In 2009, David Nagel, writing for Campus Technology, reported that 5.5 million post-secondary students have taken some online courses and that by 2014 the number would jump to 22 million.

Just a Coupla MOOCs

Online education has now become available to the masses. Through a blend of licensed and non-licensed content, Massive Open Online Courses (MOOCs) have been available for the past few years. MOOCs (the term was first used by David Cormier of the University of Prince Edward Island in 2008) offer coursework and tests, but also create a shared community amongst its users. Several MOOCs are available on a paid and free basis and offer a variety of courses. Udacity and Coursera are just two. MOOCs aren’t limited only to post-secondary education, though. In November 2012, the University of Miami launched a high school MOOC as part of the Global Academy. Students can use it for SAT prep.

As a lifelong learner myself, I have had a varied experience with different forms of distance learning and I have developed a wide range of opinions about them.

When I was younger I was a licensed Ham Radio Operator. I thought, recently, that I would like to get my license again—just to see if I could do it. Unlike in the past, I did not have to crawl all over the library or order books via the mail. There are several online study courses and I settled on HamTestOnline.com. For $20, I received a two-year subscription to study questions, practice quizzes, diagrams and everything I needed. The lessons are well-prepared and the quizzes offered questions in a random enough basis so I wasn’t able to “game the system.” My subscription ends in September, so I need to get crackin’ on getting this done.

Florida Nights—Scarlet Knights

My next foray into distance learning was with Rutgers University (cmd.rutgers.edu). In an effort to expand my knowledge of marketing, I signed up for what they call a “miniMBA,” or a Graduate Certificate in Social Media Marketing. For $3,000 I took a three-month course online and earned 3.0 credits and a Rutgers diploma (suitable for framing!). My feelings on that course are mixed. The lessons were interesting and they did add to my body of knowledge. I was able to use what I had learned in practical form as well. The final “exam” was to prepare a social media marketing plan for a real or imagined company. I was able to use what I learned and prepared a plan for a fencing studio in South Florida.

The instructor would post videos and lessons online and hold “office hours” every week when the students would log on to a chat room and ask questions or get updates. It was very helpful to have that interactivity once a week. I was surprised that the course did not make use of the very tools we were learning about. One drawback to being an online student is that you are all alone in your house, far away from your peers. With all that is available in social media tools, it would have been very easy to bridge that human connectivity gap. I do feel connected a little bit—for Christmas, my son found a Rutgers T-shirt for me, and I will root for the Rutgers Basketball team whenever I catch a televised game.

My next online learning adventure took me to MediaBistro.com. MediaBistro is an online portal for journalists, media types and publishers. They offer a lot of relevant information, job boards and online learning options. I signed up for a “Job-Hunters BootCamp.” For $79, I took a class similar to my Rutgers course. We learned much of the same thing, but this one was tailored more to marketing oneself via social media, not necessarily a brand or product. This course was a bit more interactive, and there was more consistent discussion between students and with the instructors. The online interface was also much nicer and easier to navigate. The Rutgers lessons were not of the best quality and the audio and video sometimes lagged. MediaBistro’s quality was just much better. Although this wasn’t for a diploma or a certificate, I did feel that I received a lot of value for my 79 bucks.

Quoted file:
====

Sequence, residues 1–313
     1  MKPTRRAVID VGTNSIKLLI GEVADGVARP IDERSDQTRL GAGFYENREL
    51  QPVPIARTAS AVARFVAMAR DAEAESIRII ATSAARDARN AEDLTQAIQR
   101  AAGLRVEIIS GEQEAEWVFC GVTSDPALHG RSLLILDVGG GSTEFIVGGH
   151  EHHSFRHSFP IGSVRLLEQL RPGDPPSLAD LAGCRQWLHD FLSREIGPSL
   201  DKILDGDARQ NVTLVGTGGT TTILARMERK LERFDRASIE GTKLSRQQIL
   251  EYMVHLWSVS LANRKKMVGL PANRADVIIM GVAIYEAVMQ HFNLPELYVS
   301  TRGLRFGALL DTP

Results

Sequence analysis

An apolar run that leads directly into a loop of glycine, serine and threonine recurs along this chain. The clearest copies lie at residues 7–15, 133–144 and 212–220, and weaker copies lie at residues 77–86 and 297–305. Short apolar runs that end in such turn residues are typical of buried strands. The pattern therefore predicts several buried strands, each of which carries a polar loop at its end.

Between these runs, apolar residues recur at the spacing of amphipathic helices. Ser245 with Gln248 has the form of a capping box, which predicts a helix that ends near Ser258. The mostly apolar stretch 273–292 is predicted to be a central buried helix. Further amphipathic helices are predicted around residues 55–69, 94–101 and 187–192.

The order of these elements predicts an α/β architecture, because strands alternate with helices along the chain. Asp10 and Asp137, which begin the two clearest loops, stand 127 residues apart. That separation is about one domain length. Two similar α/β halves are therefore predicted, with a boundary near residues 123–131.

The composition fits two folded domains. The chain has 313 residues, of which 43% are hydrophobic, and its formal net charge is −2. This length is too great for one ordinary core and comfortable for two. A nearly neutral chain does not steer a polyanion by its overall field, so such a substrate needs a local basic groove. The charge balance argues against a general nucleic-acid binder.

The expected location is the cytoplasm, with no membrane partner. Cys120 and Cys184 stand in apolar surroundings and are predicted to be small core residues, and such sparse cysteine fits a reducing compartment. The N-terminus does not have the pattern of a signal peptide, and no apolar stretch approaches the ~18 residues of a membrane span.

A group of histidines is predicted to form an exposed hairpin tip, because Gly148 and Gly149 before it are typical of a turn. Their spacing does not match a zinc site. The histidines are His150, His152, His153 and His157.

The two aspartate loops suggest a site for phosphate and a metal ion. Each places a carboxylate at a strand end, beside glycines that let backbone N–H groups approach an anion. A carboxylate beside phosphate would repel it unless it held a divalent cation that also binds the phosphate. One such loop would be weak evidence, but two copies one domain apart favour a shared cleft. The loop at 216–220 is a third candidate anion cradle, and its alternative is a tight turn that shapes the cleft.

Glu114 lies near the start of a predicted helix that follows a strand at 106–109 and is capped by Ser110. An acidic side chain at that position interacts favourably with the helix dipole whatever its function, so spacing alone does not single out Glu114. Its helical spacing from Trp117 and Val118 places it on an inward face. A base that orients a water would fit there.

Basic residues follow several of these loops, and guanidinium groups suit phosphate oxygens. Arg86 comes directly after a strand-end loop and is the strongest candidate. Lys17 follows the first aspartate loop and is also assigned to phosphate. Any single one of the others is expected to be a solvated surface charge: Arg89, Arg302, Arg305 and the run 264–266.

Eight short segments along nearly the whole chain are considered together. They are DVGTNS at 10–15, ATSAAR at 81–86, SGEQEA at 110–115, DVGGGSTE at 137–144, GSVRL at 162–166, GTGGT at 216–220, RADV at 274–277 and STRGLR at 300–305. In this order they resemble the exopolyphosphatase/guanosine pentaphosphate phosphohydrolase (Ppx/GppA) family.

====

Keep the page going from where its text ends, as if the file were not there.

U and U

In January 2014, I was accepted into Utica College’s Cybersecurity and Computer Forensics program (programs.online.utica.edu), which consists of about two years of classes and two on-site residencies in Utica, New York and Udacity (Udacity.com), one of the MOOCs mentioned earlier. The program I graduated from at Utica College is a Masters of Science Program and carries a price tag to go with it, so this was a decision I did not take lightly. I did a lot of research and compared programs and schools and methods and decided that Utica was the best choice. I am happy with my choice and I think it is a great program and would encourage anyone interested in pursuing a Masters to check it out, along with several others for comparison. Here again, I think the school falls short in using readily available tools to bridge to connectivity gap with the distance students. We started the program with an on-site residency in Utica in January (26 below and snowing) and met with the professors and fellow students for four days. It was a fantastic event. I met some great people and collaborated with others doing what I was doing and felt it had really connected us together and got us onto a great start. We were separated into groups of four and even though I was in Florida, another in New York, one in Ohio and one in California, we were all able to work together on our assignments.